My Secret Life as a Spaghetti Coder
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Most online developer API services that I've used are set up as if the customer is also the software developer.

That should change.

As the software developer, I don't want to be the owner of my customer's accounts, and I don't want to worry about trying to figure out how to transfer ownership (if your service allows it, that is). Because of that, theres a lot of waste that goes on: wastes of my time, which wastes my customer's or my company's money.

I'm saying "customer" here, but you might substitute that with "the person who really needs / cares about the account," because that person, in my estimation, is rarely the software developer. Unless I'm developing an app for myself, I only care about that API because someone else needs me to. And even when I'm developing for myself, I hope it gets to a point where I need to hire someone to care about it on my behalf, so I can focus on more important things.

The typical signup process for me goes like this: More...

Hey! Why don't you make your life easier and subscribe to the full post or short blurb RSS feed? I'm so confident you'll love my smelly pasta plate wisdom that I'm offering a no-strings-attached, lifetime money back guarantee!

When you first introduce someone to source control, things often go smoothly until the first time they have to merge conflicting changes. Then they wonder,
What's the point of this? I thought it was supposed to be easy but it's a PITA.
Two responses on how to combat this immediately come to mind.

The first thing that can help in this situation is to ensure they aren't having to merge useless files. I'm thinking of files here like the CSS generated from SASS: they change frequently but the changes don't affect them one way or the other. (In this case, because the CSS will be regenerated). Another example is a user-specific project settings file.

Two strategies to avoid useless merging are to ignore files (do not have the repository track them) and to automatically use one version of a file or another. Each has it's place.

In the case of a file that needn't be in the repository to begin with -- things like Thumbs.db or .DS_Store -- you should obviously ignore them. In the cases where files should be in the repository, but where you know which version you want all the time, you should consider telling it to always choose one file over another.

If you're using git, .gitignore will help you ignore files, while .gitattributes will help you choose one file over another without specifying it every time. I only wanted to make you aware of this, and Pro Git explains it better than I could, so I'll let you read about how to do it over there.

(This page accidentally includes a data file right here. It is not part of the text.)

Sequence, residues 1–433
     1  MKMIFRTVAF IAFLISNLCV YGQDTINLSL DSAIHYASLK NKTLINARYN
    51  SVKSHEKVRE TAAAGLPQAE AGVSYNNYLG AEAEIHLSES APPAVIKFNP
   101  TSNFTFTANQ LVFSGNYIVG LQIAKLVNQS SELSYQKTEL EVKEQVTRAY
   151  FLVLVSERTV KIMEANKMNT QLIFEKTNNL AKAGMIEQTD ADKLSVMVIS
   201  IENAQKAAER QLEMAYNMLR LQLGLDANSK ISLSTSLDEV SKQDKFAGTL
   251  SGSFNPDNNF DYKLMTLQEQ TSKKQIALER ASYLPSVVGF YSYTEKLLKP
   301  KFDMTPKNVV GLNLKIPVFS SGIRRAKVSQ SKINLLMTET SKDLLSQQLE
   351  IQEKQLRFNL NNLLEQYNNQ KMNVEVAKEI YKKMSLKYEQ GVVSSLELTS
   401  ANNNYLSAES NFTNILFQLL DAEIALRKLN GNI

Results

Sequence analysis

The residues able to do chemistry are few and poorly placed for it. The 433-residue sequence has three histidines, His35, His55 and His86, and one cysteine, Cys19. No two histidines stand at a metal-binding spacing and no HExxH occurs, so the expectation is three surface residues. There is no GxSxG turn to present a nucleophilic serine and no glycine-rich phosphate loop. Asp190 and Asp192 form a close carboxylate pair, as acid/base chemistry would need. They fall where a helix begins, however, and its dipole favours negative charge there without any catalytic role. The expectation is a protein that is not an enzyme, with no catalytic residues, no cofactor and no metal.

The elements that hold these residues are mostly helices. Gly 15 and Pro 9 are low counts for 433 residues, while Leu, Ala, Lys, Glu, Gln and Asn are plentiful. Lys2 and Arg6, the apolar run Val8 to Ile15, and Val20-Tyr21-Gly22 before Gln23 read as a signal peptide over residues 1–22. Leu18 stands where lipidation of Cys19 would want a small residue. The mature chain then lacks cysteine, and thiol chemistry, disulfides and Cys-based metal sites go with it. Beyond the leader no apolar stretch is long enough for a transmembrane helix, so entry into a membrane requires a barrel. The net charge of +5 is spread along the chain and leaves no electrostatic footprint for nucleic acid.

Thanks to Markus Prinz who helped me find .gitattributes when I didn't know the term I was looking for.

So what's the second thing that helps a newcomer to source control overcome their hatred of merging conflicting changes?

Remind them the alternative is to consistently have their own work overwritten.

Yesterday I got sick of typing rake test and rake db:migrate and being told
You have already activated rake 0.9.2, but your Gemfile requires rake 0.8.7. Consider using bundle exec.
I know you should always run bundle exec, but my unconscious memory has not caught up with my conscious one on that aspect, so I always forget to run rake under bundle exec.

So I wondered aloud on twitter if I could just alias rake to bundle exec rake, but confine that setting to specific directories (with bash being my shell).

Turns out, it is possible with the help of another tool that Calvin Spealman pointed me towards: capn.


I recently got the EEE Box "Nettop PC" (Linux version) and was surprised to find Red Flag Linux as the preinstalled flavor of choice. My goal is to use it as a wireless NAS, but keep it both expandable with external drives and available for use in home automation.

source code for r-house available via github


A quick note for people who get irritated when they forget to push alt/option on the keyboard when they want to boot into another OS on their Macs:

rEFIt might be for you. It changes the boot-up sequence and pauses every time you boot to allow you to select which OS you want to use. It does other things as well, but I haven't used them yet.

Special thanks to Grant, who introduced it to me this weekend before he left for Scotland. I think it's going to be a nice time-saver.


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